Total Cost and the Shutdown Condition

Our general rule for firm supply leaves open one possibility-that the price will be so low that the firm will want to shut down. Isn’t it possible that at the P == Me equilibrium, Billy Bob may be losing a truck ful of money and would want to shut down? In general, a firm will want to shut down in the short run when it can no longer cover its variable costs.

For example, suppose the firm were faced with a market price of $35, shown by the horizontal fl’fl’line in Figure 8-2. At that price, Me equals price at point (~ a point at which the price is actually less than the average cost of production. the firm want to keep producing even though it was incurring a loss?

Surprisingly the correct answer is yes. The firm should minim I which is the same thing as maximizing profits. Producing at point Would roe suit in a loss of only $20,000, whereas shutting down would involve losing $55,000 (which is the fixed cost). The firm should therefore continue to produce.

To understand this point, remember that a firm must still cover its contractual commitments even. when it produces nothing. In the short run, the firm must pay fixed costs such as interest to the bank, rentals on the oil rigs, and directors’ salaries, The balance of the firm’s costs are variable costs, such as those for materials,· production workers, and fuel, which would have zero cost at zero production, It will be advantageous to continue operations, with P at least as high as Me, as long as revenue covers variable costs.

The critically low market price at which revenues just equal variable costs (or, equivalently, at which losses exactly equal fixed costs) is called the shut· down point. For prices above the shutdown point, the firm will produce along its marginal cost curve because, even though the firm might be losing money It would lose more. money by shutting down. For prices below the shutdown point, the firm will produce nothing at all because by shutting don the fin will lose only its fixed costs. This gives the shutdown rule.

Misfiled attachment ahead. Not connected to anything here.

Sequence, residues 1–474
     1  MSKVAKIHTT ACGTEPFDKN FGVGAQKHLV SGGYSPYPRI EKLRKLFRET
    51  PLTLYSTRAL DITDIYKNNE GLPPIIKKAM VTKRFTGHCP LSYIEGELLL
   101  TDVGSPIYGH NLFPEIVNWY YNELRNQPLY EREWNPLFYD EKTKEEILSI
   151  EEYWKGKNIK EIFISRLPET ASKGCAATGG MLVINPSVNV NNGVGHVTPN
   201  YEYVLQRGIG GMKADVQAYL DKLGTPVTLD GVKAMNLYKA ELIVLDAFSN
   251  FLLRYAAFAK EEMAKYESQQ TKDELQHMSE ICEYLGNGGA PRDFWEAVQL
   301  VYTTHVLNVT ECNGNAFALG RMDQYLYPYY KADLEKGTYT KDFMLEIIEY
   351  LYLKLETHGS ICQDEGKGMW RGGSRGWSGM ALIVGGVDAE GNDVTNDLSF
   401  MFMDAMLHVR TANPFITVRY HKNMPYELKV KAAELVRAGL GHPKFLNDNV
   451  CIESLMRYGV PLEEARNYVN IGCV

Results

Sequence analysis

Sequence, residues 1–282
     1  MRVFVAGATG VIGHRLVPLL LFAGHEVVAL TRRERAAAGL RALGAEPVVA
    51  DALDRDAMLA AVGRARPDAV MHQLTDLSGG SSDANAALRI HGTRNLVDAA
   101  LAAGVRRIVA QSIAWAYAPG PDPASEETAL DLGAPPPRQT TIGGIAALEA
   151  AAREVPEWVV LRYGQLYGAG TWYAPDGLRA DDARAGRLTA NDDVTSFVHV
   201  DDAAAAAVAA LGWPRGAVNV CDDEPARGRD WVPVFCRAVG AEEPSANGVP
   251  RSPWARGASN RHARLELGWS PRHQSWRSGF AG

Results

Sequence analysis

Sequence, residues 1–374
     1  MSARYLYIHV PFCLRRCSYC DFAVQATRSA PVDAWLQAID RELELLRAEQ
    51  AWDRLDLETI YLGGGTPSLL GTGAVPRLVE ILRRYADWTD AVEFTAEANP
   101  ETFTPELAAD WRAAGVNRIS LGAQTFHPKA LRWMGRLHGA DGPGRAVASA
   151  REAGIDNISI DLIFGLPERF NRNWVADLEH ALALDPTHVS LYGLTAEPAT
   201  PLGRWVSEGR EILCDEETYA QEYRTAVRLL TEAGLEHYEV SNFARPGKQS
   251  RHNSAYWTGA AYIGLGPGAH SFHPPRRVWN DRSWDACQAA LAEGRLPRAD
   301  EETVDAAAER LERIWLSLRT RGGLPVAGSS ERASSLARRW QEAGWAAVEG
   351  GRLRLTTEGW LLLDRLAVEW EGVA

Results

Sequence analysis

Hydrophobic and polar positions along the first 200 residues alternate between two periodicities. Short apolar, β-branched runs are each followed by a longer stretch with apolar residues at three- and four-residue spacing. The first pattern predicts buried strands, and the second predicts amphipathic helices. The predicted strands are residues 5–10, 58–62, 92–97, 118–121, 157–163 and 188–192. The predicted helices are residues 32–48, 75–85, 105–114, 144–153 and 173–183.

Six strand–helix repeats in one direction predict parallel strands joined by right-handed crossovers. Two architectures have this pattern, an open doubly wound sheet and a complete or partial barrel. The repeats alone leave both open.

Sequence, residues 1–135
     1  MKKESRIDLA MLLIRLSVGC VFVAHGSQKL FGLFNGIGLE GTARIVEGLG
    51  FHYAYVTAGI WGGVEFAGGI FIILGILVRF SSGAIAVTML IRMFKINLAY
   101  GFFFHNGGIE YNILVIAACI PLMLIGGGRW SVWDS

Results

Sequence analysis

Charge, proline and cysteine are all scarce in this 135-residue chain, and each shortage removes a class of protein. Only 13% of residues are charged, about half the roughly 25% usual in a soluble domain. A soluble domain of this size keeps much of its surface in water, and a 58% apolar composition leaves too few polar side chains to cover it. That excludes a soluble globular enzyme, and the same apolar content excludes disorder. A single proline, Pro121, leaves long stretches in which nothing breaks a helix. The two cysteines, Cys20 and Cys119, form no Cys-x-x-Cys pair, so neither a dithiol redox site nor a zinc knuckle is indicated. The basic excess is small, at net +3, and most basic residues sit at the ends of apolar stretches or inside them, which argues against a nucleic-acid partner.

Shutdown rule: The shutdown point comes where revenues just cover variable costs or where losses are equal to fixed costs. When the price falls below average variable costs. the firm will maximize profits (minimize ‘its losses) bv shutting down.

Figure 8-3 shows the shutdown and zero-profit points for a firm. The zero-profit point comes where price is equal to AC, while the shutdown point comes where price is equal to A\C. Therefore, the firm supply curve is the solid blue line in Figure 8-3. It first goes up· the vertical axis to the price corresponding to the shutdown point; next tamps to the hut down point at M, where P equals the level of AVC and then continues up the Curve for prices above the shutdown price .

The analysis of shutdown conditions leads to the surprising conclusion that profit-maximizing firms may in the short run continue to operate even though they are losing money. This condition will hold particularly for firms that are heavily indebted and therefore have high fix~ costs (the airlines being a good example). For these firms, as long as losses are less than fixed costs, profits are maximized and losses are minimized when they pay the fixed costs and still continue to operate.

Unemployed rigs In the industrialist- A striking example of the shutdown rule at work was seen in the oil industry. In 1985. when the price of crude oil was $27 a barrel. there were about 35,000 oil wells United States. But by the next year, the number of wells being drilled had fallen by 50 percent to under 19,000. Had the oil fields run dryl Not at all. Rather. duction was discouraged because the price of oil fell by  most only $14 a barrel. It ~ the profits, not the wells. that dried up. As a result, companies just shut down many . This workaholics In remorse, as  the Persian Gulf war in 1990. die price of oil  beanie more.

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